• Encouraging employers and the Government to follow the action plan the Commission has set out in its January 2019 report on adult skills. In particular, the Government should equalise adult education funding with EU statistical averages and reduce the underspend of its adult education budget through more flexible funding structures.

We are keen to work with our partners in the Department for Education, and across Government, to support this activity. The Online Centres Network is already reaching those that are being left behind by more formal education. The network has supported over 2.5 million people to improve their basic digital skills since 2010, and over 80% of these people are socially excluded. The impact these improved skills have on individuals is significant, with 86% progressing to further learning, and 76% progressing to positive employment outcomes.

Like I said for last year’s Social Mobility Commission review, digital presents a huge opportunity to overcome some of the challenges of social mobility. We know that if you have no basic digital skills, you’re at a disadvantage in today’s world. You’ll struggle to search and apply for jobs, create a CV and to keep progressing within the workplace. Working age adults in households in the DE bracket are three times more likely to be non-internet users, despite them having the most to benefit from digital. And digital exclusion also exacerbates the poverty premium, as people on the lowest incomes can save £516 a year by being able to compare prices for goods and services. So it’s no surprise social mobility is grinding to a halt.

That’s why we’re calling on government and other partners to make a clear commitment to getting 100% of the nation digitally included through our Bridging the Digital Divide campaign. Last year, our Blueprint for a 100% Digitally Included Nation set out a 6 point action plan devised that would help address Britain’s stagnant social mobility and ensure that we can give digital skills to those who will benefit most. We’re keen to see free essential digital skills support for those who need it, delivered in the community so people can benefit from trusted faces in local places. We want to see employers take responsibility for 100% of their own staff having basic digital skills. And we want to make digital a social priority, bringing together social and digital inclusion to drive social change and help people to increase their confidence, self-efficacy and resilience.

Through closing the digital divide, we will be able to make it easier for those at the bottom of the ladder to climb up it. For the 52% of disadvantaged youths who leave school without a basic qualification and get stuck in low paid work, improving their digital skills will open up opportunities. For adult education – which has been in decline since 2010 – this would give it the much-needed shot in the arm. And for those whose jobs are set to become redundant due to the advent of automation, it will give them the ability to not just survive, but to thrive in a digital economy. Through this blueprint, and working alongside our partners, we hope we’ll be able to  press Ctrl+Alt+Delete on Britain’s stagnating social mobility.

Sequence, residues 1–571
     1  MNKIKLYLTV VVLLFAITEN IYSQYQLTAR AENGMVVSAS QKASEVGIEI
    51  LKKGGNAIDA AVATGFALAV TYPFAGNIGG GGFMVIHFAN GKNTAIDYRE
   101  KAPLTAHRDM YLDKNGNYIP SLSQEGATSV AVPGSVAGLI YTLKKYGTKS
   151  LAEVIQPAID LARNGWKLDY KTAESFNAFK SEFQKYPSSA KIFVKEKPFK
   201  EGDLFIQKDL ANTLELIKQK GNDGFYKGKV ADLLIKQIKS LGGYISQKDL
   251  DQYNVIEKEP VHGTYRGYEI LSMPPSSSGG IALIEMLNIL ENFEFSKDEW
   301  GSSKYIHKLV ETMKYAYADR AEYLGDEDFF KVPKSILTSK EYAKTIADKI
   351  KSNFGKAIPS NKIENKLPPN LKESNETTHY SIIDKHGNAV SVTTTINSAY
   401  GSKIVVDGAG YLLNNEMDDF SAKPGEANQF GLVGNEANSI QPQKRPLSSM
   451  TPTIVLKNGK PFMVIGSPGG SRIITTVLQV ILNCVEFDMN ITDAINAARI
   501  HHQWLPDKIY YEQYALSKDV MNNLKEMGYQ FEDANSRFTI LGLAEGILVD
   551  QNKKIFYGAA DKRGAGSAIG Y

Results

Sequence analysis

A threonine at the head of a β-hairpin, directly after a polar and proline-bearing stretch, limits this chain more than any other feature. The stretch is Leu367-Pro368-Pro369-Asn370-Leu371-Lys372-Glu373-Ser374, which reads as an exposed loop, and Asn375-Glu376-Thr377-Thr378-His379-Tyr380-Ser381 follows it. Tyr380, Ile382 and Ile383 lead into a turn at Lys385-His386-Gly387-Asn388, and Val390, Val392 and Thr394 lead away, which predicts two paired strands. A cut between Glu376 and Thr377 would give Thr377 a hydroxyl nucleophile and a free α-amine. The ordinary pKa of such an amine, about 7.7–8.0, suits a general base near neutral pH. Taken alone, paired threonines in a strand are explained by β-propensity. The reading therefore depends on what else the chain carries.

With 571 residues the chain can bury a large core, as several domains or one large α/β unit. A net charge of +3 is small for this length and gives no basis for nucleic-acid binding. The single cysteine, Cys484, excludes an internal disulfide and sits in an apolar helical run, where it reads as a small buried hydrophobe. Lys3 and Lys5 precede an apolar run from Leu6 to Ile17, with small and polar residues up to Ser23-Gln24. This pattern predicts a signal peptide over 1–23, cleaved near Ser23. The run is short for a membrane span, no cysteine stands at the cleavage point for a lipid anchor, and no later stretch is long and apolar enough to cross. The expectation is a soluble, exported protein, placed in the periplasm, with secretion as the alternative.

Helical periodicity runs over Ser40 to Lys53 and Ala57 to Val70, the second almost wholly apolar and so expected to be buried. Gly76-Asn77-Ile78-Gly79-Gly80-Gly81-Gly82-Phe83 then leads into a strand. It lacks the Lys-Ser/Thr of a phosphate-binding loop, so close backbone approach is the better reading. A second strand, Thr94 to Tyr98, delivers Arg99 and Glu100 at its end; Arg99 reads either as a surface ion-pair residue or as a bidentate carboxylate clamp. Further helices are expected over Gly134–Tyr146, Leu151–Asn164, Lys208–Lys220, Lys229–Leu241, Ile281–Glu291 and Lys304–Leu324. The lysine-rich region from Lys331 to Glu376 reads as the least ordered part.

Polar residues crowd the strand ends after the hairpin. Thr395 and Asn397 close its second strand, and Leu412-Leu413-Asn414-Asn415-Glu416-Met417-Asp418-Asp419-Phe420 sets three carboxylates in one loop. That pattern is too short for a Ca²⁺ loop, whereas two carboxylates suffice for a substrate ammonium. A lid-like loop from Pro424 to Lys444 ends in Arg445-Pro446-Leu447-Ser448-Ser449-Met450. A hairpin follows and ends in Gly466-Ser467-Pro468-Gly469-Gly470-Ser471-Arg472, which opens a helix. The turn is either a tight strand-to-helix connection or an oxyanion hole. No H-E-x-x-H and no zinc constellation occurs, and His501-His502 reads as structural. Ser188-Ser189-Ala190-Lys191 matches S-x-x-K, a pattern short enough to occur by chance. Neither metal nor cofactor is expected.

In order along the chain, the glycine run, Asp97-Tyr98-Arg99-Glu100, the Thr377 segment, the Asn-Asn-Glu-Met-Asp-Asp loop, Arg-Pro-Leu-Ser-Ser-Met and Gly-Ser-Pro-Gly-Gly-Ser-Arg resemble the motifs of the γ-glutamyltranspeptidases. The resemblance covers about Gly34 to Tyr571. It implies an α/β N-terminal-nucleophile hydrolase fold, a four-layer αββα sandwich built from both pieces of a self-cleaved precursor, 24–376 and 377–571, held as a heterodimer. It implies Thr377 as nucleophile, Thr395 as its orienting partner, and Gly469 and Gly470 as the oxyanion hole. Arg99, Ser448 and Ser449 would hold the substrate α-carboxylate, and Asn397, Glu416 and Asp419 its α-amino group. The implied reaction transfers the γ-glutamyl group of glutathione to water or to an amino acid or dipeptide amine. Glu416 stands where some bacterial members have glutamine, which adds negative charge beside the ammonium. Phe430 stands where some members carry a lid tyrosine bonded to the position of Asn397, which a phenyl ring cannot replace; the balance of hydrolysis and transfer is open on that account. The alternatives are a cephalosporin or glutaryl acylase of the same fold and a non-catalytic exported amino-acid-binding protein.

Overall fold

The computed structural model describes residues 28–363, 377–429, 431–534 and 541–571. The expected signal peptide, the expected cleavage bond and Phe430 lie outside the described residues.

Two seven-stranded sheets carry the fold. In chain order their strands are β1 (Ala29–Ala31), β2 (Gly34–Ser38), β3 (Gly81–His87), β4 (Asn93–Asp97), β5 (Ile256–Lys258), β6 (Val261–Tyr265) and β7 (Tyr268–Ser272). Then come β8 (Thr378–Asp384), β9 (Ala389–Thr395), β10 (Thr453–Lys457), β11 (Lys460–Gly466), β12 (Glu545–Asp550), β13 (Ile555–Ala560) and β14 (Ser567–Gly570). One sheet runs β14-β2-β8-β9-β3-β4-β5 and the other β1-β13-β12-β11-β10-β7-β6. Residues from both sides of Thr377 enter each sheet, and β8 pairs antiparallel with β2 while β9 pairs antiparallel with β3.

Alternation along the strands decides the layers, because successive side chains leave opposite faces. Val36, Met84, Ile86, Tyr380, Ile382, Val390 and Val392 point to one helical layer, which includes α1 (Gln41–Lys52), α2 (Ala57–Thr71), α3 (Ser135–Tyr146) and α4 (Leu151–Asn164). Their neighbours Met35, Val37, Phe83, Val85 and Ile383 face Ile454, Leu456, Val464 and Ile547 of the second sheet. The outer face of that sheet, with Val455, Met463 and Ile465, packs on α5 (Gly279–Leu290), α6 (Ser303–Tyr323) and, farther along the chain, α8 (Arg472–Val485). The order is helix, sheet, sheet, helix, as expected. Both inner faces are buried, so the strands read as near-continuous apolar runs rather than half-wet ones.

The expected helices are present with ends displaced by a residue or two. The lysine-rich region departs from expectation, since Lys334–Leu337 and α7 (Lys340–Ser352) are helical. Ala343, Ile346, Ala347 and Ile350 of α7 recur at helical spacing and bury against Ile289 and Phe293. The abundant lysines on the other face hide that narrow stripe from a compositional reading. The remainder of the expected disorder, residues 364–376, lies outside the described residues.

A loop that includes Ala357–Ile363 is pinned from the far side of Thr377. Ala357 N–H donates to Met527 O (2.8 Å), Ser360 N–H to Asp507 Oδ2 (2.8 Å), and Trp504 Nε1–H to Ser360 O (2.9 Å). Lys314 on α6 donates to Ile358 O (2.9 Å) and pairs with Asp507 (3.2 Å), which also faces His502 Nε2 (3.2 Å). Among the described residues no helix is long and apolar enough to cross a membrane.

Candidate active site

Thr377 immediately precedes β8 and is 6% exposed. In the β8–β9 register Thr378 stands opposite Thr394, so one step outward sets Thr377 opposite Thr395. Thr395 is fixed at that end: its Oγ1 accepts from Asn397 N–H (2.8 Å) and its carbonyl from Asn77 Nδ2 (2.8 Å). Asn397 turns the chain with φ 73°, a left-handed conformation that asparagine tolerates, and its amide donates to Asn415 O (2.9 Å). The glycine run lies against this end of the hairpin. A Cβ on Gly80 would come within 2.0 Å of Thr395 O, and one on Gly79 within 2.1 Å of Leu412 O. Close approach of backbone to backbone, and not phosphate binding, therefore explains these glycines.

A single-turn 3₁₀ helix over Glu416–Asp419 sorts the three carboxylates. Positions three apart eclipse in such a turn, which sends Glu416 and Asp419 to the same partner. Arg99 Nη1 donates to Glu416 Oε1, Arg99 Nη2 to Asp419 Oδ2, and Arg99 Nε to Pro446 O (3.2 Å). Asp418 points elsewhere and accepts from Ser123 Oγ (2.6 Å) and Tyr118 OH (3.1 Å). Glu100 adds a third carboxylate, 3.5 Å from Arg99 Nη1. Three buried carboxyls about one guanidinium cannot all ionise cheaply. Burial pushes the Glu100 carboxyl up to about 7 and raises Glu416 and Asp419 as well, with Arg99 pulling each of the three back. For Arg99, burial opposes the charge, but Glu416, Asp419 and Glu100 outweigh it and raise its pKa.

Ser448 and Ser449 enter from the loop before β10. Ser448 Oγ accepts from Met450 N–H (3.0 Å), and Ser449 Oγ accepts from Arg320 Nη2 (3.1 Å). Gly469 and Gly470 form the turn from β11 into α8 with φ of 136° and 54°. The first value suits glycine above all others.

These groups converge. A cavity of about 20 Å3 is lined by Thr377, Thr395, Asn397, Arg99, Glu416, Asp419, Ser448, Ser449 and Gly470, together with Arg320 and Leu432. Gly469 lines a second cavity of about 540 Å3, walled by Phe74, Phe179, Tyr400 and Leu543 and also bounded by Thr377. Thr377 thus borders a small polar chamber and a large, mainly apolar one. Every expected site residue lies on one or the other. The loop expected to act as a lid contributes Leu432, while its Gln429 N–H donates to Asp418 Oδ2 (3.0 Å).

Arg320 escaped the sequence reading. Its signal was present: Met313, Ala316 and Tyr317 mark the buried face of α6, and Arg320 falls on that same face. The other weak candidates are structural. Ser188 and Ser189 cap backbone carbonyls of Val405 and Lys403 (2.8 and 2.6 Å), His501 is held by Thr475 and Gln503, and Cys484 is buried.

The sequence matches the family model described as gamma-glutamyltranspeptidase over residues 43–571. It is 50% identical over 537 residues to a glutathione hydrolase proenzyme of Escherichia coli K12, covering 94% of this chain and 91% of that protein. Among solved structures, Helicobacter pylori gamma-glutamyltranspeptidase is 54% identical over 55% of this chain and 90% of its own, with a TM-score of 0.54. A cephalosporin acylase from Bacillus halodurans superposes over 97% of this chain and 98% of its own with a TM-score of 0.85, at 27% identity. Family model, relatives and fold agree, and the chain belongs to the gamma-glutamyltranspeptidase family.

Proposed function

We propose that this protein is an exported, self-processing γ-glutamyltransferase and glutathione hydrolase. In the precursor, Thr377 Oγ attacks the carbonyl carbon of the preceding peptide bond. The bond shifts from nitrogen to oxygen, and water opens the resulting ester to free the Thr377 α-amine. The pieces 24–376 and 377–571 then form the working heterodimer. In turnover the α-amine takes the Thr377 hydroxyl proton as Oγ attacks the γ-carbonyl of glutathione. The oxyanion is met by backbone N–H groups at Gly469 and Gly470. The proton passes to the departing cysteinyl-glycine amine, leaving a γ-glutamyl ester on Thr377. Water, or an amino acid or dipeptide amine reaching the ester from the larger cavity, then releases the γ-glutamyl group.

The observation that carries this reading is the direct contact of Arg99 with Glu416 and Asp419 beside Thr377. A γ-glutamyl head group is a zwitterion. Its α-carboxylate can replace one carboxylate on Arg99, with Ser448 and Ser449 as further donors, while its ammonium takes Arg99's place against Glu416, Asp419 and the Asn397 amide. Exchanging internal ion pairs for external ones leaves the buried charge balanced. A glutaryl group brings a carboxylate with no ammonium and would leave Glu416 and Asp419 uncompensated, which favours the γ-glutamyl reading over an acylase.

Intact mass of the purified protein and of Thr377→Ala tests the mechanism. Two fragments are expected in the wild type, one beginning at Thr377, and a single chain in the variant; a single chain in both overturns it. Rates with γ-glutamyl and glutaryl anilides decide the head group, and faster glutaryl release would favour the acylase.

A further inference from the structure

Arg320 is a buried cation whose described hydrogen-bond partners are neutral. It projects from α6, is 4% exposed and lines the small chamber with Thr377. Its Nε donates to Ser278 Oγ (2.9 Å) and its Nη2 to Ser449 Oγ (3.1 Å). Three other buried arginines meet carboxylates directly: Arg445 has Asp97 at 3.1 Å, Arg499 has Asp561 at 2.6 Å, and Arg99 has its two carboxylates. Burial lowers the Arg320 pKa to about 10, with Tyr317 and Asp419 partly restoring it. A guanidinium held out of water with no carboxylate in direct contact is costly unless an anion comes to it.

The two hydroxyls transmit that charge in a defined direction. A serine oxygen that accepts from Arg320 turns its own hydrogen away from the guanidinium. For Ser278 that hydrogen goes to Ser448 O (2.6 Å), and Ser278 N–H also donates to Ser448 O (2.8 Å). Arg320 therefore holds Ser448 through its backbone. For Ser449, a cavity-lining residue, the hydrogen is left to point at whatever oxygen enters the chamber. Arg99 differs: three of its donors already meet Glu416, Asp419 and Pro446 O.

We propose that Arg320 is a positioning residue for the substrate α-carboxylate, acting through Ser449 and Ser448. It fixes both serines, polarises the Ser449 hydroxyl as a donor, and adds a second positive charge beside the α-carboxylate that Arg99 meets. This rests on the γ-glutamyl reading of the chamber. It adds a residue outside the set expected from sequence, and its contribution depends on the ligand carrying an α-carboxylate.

We’re proud of our chair, Liz Williams, one of the Commissioners of the report. She is  tirelessly committed to social mobility and I know she and the other Commissioners will do all they can to ensure the recommendations in the report have real legs. And so, although the report makes for pretty bleak reading at times, it also presents a real opportunity to address social mobility in the UK, and to ensure that we level the playing field for the benefit of all.

 

Exciting innovations to support older people with technology

G’day! I’m currently working with our amazing team at Good Things Foundation Australia and whilst I have been here I’ve been reflecting a lot on the opportunities that digital technologies and services offers to older people. Here is Australia we’re working with local partners right across the country to support older Australians to thrive online through the Be Connected programme.

Recently, Good Things Foundation launched two fantastic guides; one was designed to help older people use the internet and the other explains how to use games to teach tablet skills. These are amazing resources which I think will help so many older people enjoy a better quality of life by unlocking their digital potential. These guides are excellent and, after a few minutes reading, virtually anyone will be able to give an older person a helping hand on their journey into using the internet or tablets. We’re going to adapt these guides so that they will be contextualised for Network Partners in Australia too.